Midsummer and the North Coast of Iceland

Akureyri waterfront sculpture. This sculpture, with its sense of a Scandinavian helmet, is entitled 'Farið' and stands on the waterfront in Akureyri. It is by the Icelandic artist Pétur Bjarnason. Literally meaning 'Gone' it has also been called the 'Fishtail' and 'Flight'. Two locations on the north coast of Iceland provide the pictures for this page. The major town of Akureyri Go to another site. has a population of some 18,000 and is the largest centre of population outside the south-west of the island. The other community featured is Raufarhöfn the most northerly village in Iceland about 6 miles south of the northern tip of Go to another page. the country; the place I had chosen to spend midsummer. Go to another site. The Bautinn Restaurant. The Bautinn Restaurant Go to another site. in Akureyri stands conspicuously at the centre of the town Akureyri town and boat. The outskirts of the town with the mountains behind Sculpture and church in Akureyri. Sculptures are a feature of public spaces, beyond this one is the main church of Akureyri Akureyri waterfront. The waterfront of Akureyri Akureyri church and town. The main church Go to another site. overlooks the waterfront area of Akureyri Husavik harbour and fjord. A fjord and mountain view across the harbour area of the town of Húsavík - population 2,100 - which lies halfway between Akureyri and Raufarhöfn Husavik church. A more traditional church design is found here in Húsavík Raufarhofn church. And this is the church at Raufarhöfn - the most northerly community in Iceland Raufarhofn church and harbour. The harbour and church at Raufarhöfn less than 20 miles from the Arctic Circle Distant lighthouse at the northern tip of Iceland. If this image strikes you as desolate it has been successful, for this is the lighthouse at the tip of Iceland's northernmost peninsular. I had attempted to walk to it on Midsummer's day, but as I set out, a blizzard started which blew for two days; I never made it. This photo, from the road a kilometre away, was taken after the storm abated Raufarhofn harbour and church form inside hotel. These three blurred images were taken from the Raufarhöfn hotel at... Raufarhofn harbour form inside hotel. ...lighter moments in the two days of blizzard at Midsummer Raufarhofn harbour with snow form inside hotel. The fresh snow you can see above soon melted Black beach near Raufarhofn. Two more shots of the north coast near Raufarhöfn to reinforce, maybe unnecessarily, the message that it is bleak up there. A black ash and stone landscape, with patches of moss, and a constant north wind Headland near Raufarhofn. On enquiring about public transport from Reykjavik to Raufarhöfn, I was met with puzzlement, it was not a place that the tourist office staff thought visitors would want to go Crags and farmhouses. The shots on the rest of this page try to show that all is not so bleak on the north coast. Snow covered mountains and ... Grass and distant mountains with trailer. ...spectacular rock-forms make the lanscape as a whole attractive, and the areas of human habitation are well provided with statues, sculptures and abstract art 'Outlaw' sculpture by Einer Jonsson. Bust overlooking fjord. To the left is one of Einar Jónsson's Go to another site. series of sculptures entitled 'Outlaws' Fjord with rocks and mountains. Fjords, rocks and mountains of the north coast Barrage at head of fjord. A barrage offers protected anchorage to small craft Snow covered mountain ridges with farmhouses below. A quintessential composition of Icelandic countryside: ridged, snow covered mountains, standing above isolated farm houses, and surrounded by green fields The next page returns to the theme of islands and hops down to the Outer Hebrides which lie to the north-west of Scotland, and specifically to the island of Barra seen in this picture. Hartaval and shafts of sunlight on Barra. line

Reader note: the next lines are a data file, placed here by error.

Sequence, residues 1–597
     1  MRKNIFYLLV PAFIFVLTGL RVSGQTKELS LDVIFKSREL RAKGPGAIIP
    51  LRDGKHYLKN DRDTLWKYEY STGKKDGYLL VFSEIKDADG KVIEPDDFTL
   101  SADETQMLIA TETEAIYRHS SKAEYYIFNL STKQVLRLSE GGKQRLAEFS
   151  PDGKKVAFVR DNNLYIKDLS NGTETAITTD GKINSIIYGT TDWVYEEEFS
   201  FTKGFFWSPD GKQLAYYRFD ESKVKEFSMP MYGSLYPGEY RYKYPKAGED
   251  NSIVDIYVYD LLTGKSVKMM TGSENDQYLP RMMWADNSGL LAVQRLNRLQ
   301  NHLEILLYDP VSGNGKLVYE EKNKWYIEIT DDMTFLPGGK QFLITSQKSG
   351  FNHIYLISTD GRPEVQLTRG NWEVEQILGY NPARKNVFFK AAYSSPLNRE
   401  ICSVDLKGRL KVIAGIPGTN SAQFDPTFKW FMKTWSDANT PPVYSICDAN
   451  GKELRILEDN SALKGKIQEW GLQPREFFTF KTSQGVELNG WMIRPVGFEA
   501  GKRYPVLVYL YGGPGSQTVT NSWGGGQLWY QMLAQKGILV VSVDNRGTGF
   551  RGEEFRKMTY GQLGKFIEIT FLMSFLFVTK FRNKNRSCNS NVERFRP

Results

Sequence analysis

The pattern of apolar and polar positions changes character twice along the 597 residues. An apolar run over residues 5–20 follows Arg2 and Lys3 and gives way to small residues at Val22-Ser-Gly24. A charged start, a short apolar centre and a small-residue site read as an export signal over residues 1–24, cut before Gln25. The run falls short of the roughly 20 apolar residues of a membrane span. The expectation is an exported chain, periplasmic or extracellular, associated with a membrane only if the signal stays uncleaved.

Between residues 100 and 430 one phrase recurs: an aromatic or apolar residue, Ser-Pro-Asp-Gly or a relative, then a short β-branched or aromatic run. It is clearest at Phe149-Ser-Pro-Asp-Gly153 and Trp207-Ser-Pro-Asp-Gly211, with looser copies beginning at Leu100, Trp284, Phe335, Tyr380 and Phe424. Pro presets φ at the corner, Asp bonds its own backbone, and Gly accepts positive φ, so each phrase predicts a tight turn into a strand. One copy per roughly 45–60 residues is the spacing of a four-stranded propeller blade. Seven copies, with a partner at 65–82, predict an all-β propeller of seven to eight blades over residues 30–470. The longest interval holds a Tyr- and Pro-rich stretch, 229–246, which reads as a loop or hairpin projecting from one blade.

Saturday 23rd June 2018 Murphy on duty

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